Federal charges were made public early Monday against two men accused of operating a bitcoin exchange business in connection with the ongoing investigation involving the Silk Road online marketplace.
The United States Justice Department published a statement on their website on Monday morning confirming that the two men, Robert Faiella and Charlie Shrem, had been arrested within hours of each other and charged with one count of conspiracy to commit money laundering, and one count of operating an unlicensed money transmitting business. The charges carry a maximum of 25 years in prison.
“As alleged, Robert Faiella and Charlie Shrem schemed to sell over $1 million in bitcoins to criminals bent on trafficking narcotics on the dark web drug site, Silk Road,” Preet Bharara, the US Attorney for the Southern District of New York, said in Monday's statement. “Truly innovative business models don’t need to resort to old-fashioned law-breaking, and when bitcoins, like any traditional currency, are laundered and used to fuel criminal activity, law enforcement has no choice but to act. We will aggressively pursue those who would coopt new forms of currency for illicit purposes.”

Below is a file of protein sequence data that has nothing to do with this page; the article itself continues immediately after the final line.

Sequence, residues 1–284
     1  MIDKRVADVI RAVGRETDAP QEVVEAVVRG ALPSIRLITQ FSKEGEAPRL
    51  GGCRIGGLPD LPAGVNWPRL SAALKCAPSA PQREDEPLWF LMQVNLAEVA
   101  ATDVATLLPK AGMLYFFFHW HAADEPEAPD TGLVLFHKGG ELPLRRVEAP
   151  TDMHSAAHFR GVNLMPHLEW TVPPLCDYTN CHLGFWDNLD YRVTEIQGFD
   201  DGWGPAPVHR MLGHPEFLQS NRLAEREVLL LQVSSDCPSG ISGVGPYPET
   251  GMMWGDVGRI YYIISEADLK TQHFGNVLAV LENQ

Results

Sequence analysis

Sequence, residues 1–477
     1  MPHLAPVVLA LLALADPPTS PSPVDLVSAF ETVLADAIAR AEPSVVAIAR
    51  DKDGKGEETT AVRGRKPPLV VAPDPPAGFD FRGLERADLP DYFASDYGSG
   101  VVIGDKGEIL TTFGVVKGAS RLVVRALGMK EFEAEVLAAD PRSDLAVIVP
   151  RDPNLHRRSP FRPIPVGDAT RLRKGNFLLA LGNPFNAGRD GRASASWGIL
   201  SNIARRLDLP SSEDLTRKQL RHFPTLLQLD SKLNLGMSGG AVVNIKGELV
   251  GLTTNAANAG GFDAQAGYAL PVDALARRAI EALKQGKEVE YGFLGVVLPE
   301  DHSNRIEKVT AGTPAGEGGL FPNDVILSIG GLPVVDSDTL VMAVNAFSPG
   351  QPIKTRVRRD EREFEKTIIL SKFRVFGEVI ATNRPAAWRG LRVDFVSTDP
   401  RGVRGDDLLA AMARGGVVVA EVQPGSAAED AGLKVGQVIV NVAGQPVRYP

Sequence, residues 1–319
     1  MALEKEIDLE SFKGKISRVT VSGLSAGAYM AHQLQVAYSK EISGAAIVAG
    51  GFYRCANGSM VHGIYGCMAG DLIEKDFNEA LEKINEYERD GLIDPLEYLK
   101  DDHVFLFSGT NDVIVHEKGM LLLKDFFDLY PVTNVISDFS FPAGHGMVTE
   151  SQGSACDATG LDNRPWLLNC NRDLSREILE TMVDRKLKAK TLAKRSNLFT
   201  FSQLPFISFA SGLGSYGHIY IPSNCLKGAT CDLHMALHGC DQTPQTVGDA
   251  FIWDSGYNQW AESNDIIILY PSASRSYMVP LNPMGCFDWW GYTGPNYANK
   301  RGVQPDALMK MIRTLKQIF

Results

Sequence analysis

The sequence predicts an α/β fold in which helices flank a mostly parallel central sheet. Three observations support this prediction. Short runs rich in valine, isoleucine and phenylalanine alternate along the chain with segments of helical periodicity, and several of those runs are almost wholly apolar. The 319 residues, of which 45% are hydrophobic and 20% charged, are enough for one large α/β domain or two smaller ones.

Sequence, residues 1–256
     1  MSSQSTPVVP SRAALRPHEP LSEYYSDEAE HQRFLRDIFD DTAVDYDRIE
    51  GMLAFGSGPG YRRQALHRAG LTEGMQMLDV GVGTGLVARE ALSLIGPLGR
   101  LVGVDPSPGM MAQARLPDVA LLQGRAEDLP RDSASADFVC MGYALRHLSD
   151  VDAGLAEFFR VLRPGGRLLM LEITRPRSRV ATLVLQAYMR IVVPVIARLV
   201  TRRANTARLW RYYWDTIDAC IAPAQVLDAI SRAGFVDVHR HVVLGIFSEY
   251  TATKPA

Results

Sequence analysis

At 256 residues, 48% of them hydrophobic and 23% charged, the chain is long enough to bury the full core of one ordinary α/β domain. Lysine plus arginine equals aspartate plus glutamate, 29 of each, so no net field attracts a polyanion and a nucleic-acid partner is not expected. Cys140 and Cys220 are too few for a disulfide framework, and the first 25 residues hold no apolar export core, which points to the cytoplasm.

Shrem, the CEO of the bitcoin exchange service BitInstant, was also charged with one count of willful failure to file a suspicious activity report, which carries a maximum sentence of five years.
Only last month, Shrem told reporters at the website Vocative they had been forced to take his website offline more than once recently over concerns about dealing in the still infant digital cryptocurrency.
”If we want to exist 20 years from now, we want to make sure all of our ducks are in a row,” he said in December. “And right now, they’re not.”
Federal prosecutors apparently couldn't agree more. While Shrem's site BitInstant served as an exchange place for people who wanted to trade in their cryptocurrency for fiat money, feds say both defendants did much more than that.
“Hiding behind their computers, both defendants are charged with knowingly contributing to and facilitating anonymous drug sales, earning substantial profits along the way. Drug law enforcement's job is to investigate and identify those who abet the illicit drug trade at all levels of production and distribution including those lining their own pockets by feigning ignorance of any wrong doing and turning a blind eye.”
Shrem was arrested on Sunday at John F Kennedy International Airport near New York City, and Faiella was brought into custody by police officers who entered his Cape Coral, Florida home early on Monday. Both men are expected to be tried separately.
Ross Ulricht, a California man accused of operating the Silk Road website, has been in policy custody since being arrested last year.